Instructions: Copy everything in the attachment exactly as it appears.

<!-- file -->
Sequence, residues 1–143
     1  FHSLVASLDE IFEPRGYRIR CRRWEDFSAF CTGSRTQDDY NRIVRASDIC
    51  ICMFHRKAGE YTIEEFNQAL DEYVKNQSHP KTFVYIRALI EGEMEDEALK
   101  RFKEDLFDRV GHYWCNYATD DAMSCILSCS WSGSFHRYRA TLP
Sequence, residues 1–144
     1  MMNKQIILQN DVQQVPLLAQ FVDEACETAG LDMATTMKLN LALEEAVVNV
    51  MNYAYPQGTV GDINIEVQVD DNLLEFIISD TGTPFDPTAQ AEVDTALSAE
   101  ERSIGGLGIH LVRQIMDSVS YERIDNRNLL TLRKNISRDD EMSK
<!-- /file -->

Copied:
Sequence, residues 1–143
     1  FHSLVASLDE IFEPRGYRIR CRRWEDFSAF CTGSRTQDDY NRIVRASDIC
    51  ICMFHRKAGE YTIEEFNQAL DEYVKNQSHP KTFVYIRALI EGEMEDEALK
   101  RFKEDLFDRV GHYWCNYATD DAMSCILSCS WSGSFHRYRA TLP
Sequence, residues 1–144
     1  MMNKQIILQN DVQQVPLLAQ FVDEACETAG LDMATTMKLN LALEEAVVNV
    51  MNYAYPQGTV GDINIEVQVD DNLLEFIISD TGTPFDPTAQ AEVDTALSAE
   101  ERSIGGLGIH LVRQIMDSVS YERIDNRNLL TLRKNISRDD EMSK